Exhibition Dates: August 3 - August 31, 2013
Opening Reception with the Artist:
Saturday, August 3
6:00 - 8:00 pm
Gregory Conniff was born and raised in New Jersey and as a photographer is largely self-taught, though he holds degrees from Columbia University in government and the University of Virginia in law. His work first came to attention with a solo exhibition at the Corcoran Gallery of art in Washington D.C. in 1979. He has since exhibited regularly and earned numerous fellowships, the the National Endowment of the Arts and the John Simon Guggenheim Foundation among them. This exhibition with Joseph Bellows Gallery marks Conniff's first on the West Coast.
The subjects of Gregory Conniff's work seem at first rather simple, plain, mundane even, but always there is something undeniably magic to them. Conniff found the beauty in everyday American architecture, and his work has been likened to that of master Walker Evans and others who's work was formal and unadorned. With visual clarity and frankness Conniff's work celebrates the visual geometry of common places. The construction of the works is lovely, and our eye often finds delight in visual rhythms and balance of or breaks in space achieved through shadow.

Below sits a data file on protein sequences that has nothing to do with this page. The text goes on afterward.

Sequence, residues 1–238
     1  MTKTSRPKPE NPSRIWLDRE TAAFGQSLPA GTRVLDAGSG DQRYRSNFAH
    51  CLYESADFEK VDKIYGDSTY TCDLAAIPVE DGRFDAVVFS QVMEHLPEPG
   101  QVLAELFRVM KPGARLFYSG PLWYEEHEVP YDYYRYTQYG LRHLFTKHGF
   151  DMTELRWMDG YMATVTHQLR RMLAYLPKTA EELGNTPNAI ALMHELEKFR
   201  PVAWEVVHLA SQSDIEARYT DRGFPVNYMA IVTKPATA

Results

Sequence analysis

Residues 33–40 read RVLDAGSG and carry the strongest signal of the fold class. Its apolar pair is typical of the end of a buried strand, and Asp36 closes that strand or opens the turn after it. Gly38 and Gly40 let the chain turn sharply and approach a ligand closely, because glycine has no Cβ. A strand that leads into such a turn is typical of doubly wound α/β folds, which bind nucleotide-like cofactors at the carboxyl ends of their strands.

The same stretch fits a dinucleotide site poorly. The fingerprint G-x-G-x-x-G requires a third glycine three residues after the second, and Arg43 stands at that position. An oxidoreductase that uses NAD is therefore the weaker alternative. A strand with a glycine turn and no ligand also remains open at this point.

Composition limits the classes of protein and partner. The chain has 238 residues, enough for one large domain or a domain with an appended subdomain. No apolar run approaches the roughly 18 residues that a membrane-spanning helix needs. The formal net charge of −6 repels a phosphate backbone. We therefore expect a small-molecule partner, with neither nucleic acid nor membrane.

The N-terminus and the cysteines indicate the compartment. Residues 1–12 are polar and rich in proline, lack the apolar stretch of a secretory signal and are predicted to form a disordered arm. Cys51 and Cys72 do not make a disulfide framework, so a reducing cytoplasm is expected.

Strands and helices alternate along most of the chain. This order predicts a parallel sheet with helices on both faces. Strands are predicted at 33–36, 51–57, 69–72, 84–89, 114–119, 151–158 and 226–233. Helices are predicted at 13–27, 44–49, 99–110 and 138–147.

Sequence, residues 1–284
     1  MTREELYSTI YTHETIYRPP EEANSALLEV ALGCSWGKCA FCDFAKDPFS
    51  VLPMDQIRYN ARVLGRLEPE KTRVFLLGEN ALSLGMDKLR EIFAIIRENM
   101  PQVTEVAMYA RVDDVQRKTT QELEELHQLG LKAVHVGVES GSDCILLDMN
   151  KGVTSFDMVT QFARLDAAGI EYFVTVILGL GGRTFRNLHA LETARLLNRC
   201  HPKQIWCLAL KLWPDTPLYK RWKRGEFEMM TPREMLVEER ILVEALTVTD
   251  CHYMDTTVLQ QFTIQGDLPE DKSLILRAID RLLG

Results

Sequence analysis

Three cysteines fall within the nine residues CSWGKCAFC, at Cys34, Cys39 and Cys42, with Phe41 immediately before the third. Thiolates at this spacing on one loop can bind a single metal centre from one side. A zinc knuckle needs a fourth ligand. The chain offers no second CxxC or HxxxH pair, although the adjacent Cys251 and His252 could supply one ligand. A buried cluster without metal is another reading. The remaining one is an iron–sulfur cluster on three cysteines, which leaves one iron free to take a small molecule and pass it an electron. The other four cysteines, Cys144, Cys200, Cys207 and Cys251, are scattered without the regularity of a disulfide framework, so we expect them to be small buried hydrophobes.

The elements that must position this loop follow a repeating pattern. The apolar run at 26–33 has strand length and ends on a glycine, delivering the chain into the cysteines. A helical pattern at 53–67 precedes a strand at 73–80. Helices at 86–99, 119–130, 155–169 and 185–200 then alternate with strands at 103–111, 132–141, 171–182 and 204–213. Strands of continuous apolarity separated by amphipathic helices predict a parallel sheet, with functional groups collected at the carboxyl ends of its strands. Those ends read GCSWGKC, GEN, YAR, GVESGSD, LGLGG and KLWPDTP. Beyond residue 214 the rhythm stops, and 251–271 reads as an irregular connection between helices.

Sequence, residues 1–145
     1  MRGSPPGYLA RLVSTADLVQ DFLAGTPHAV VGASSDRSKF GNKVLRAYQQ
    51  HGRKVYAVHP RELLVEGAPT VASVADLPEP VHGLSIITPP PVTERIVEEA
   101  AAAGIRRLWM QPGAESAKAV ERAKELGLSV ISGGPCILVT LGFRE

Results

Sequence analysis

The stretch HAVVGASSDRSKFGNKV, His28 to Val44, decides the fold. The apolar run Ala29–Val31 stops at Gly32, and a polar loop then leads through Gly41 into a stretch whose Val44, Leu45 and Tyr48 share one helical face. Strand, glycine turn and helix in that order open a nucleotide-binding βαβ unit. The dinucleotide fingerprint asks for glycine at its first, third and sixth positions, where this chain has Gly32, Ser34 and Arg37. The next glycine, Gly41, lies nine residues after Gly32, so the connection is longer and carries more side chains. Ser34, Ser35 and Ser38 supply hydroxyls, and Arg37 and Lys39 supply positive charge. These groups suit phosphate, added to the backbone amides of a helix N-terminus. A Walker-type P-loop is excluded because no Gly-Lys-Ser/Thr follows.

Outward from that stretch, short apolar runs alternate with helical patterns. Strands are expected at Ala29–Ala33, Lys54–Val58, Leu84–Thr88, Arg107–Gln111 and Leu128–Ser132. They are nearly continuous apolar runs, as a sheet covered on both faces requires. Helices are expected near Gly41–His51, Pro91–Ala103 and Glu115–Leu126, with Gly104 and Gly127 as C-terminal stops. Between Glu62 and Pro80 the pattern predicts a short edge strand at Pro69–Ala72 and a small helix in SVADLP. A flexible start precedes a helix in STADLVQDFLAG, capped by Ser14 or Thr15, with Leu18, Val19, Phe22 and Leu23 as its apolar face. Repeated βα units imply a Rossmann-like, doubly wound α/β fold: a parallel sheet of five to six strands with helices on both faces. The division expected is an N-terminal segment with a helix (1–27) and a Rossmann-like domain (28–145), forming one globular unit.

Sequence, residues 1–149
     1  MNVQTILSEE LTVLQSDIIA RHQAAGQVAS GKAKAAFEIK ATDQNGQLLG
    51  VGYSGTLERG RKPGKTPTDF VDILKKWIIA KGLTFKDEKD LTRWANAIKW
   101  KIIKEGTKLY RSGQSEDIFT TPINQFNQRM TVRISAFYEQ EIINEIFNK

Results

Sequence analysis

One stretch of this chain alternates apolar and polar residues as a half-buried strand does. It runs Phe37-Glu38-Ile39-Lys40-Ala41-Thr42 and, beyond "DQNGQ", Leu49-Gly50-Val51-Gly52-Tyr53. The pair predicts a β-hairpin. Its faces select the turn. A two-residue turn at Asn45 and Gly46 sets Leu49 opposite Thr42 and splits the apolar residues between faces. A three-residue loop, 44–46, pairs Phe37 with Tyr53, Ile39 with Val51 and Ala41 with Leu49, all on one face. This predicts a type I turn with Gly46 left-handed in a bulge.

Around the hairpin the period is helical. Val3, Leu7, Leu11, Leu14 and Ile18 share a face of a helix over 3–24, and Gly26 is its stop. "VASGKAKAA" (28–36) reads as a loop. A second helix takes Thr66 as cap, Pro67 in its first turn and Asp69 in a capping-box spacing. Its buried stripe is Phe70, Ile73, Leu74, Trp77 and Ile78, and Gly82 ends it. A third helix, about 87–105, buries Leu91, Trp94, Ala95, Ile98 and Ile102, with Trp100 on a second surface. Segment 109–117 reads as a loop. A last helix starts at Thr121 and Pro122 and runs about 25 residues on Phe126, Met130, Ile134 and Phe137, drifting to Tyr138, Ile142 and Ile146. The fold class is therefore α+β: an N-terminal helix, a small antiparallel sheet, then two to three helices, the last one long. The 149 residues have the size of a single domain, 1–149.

Repetition of pattern is a favorite of Conniff, and the work establishes lovely passages. Our eye dances on fenceposts, slides down beams, rolls down stairs and runs along branches. Space can be found to be built and even depth cut in an image with these visual rhythms. In Wildwood, NJ, 1979 repetition of form is almost all that delineates space. This work is almost all white-on-white and shifts in line made by shadow is almost all that help us to identify and place form. Monmouth, NJ, 1978 is another visually exciting experience of pure visual rhythm.
Space is also often made or defined for Conniff through shadow. Long, rich, satisfying shadows push and break space into strong planes. The garage wall of Madison, WI, 1979 can almost be pulled away like a puzzle piece from the light-washed front. The shadow of a roofline and chimney cut deep into space in Washington D.C., 1979 and distance flickers as it is pushed and pulled. Space is definitively divided with a fence shadow and becomes stabilizing middle ground in Bay Head, NJ, 1978.
Some of the more decidedly striking images of Conniff rely on one or the other of these two strategies to keep us engaged, but others are more subtly revealing. Some of the busier frames, like Avalon, NJ, 1979; Wildwood, NJ 1979; or Madison, WI, 1982 engage the same strategies but in deeper pockets. Longer looking reveals that these images break into segments but eventually an order to the larger visual frame emerges.
For more information on the exhibition, please visit Joseph Bellows Gallery